Black Voices : In Their Own Words

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The awkward thoughts of W. Kamau Bell: tales of a 6’4”, African American, heterosexual, cisgender, left-leaning, asthmatic, Black and proud blerd, Mama’s boy, dad, and stand-up comedian / W. Kamau Bell.

A memoir and manifesto by the comedian, podcast host, and star of "United Shades of America" shares progressive views on issues ranging from race relations and law enforcement to right-wing politics and parenthood. (Baker & Taylor)

Born a crime: stories from a South African childhood / Trevor Noah.

The host of The Daily Show With Trevor Noah traces his wild coming of age during the twilight of apartheid in South Africa and the tumultuous days of freedom that followed, offering insight into the farcical aspects of the political and social systems of today's world. (Atlas Pub.)

The fire this time: a new generation speaks out about race / Jesamyn Ward.

Presents a continuation of James Baldwin's 1963 "The Fire Next Time" that examines racial issues from the past half-century through essays, poems, and memoir pieces by some of the current generation's most original thinkers and writers. (Baker & Taylor)

Heavy: an American memoir / Kiese Laymon.

An essayist and novelist explores what the weight of a lifetime of secrets, lies, and deception does to a black body, a black family, and a nation teetering on the brink of moral collapse. (Baker & Taylor)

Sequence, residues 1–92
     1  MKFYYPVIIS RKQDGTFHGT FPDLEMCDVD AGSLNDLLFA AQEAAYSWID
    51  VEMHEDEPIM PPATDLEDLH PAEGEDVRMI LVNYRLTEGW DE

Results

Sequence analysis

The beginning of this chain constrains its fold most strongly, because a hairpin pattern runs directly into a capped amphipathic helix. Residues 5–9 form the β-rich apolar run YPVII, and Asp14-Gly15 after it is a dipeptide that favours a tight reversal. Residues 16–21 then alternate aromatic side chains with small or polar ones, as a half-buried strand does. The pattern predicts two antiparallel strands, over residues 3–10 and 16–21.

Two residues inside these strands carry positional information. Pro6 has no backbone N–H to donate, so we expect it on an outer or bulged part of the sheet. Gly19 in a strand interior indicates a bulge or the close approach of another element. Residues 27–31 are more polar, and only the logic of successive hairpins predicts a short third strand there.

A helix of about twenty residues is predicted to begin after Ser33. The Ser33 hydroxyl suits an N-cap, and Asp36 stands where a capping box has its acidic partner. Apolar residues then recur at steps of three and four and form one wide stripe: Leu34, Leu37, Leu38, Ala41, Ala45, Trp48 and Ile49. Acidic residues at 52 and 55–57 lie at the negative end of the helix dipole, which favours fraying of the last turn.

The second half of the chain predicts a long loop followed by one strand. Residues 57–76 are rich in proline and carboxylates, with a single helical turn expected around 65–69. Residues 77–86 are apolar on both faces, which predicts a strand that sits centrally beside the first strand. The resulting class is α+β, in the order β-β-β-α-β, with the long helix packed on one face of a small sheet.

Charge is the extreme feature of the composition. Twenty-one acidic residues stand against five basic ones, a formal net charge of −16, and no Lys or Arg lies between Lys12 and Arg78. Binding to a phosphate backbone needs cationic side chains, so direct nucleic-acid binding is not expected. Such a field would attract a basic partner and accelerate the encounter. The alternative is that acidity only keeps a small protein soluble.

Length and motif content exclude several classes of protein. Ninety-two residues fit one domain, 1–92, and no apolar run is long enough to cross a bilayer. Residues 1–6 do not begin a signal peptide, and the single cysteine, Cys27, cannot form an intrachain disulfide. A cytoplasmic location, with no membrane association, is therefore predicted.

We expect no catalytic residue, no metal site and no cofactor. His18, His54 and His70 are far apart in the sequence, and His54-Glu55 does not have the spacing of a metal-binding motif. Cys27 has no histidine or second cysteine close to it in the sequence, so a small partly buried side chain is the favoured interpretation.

Negroland: a memoir / Margo Jefferson.

A highly personal meditation on race, sex, and American culture traces the author's upbringing and education in upper-class African-American circles against a backdrop of the Civil Rights era and its contradictory aftermath. (Baker & Taylor)

Sign my name to freedom: a memoir of a pioneering life / Betty Reid Soskin.

Blending together selections from many of Betty’s hundreds of blog entries with interviews, letters, and speeches collected throughout her long life, Sign My Name to Freedom invites readers into an American life through the words and thoughts of a national treasure who has never stopped looking at herself, the nation, or the world with fresh eyes. (Hay House)

There will be no miracles here: a memoir / Casey Gerald.

The co-founder of MBAs Across America describes his upbringing in a black evangelical family, his football recruitment into Yale, and the brutal wealth gap that is forcing increasingly large numbers of marginalized groups to redefine the American Dream. (Baker & Taylor)

When they call you a terrorist: a Black Lives Matter memoir / Patrisse Khan-Cullors and asha bandele.

A memoir by the co-founder of the Black Lives Matter movement explains the movement's position of love, humanity, and justice, challenging perspectives that have negatively labeled the movement's activists while calling for essential political changes. (Baker & Taylor)

White like her: my family’s story of race and racial passing / Gail Lukasik.

The author explains her mother's decision to "pass" as a white woman in the Jim Crow South, her own struggles with identity, and how she uncovered her mother's lineage and background. (Baker & Taylor)

You can’t touch my hair: and other things I still have to explain / Phoebe Robinson.

The stand-up comedian and WNYC podcaster offers humorous, poignant essays describing her experience as a black woman in modern America on topics such as how she’s been questioned on her love of Billy Joel and U2 and why you can’t touch her hair. (Atlas Pub.)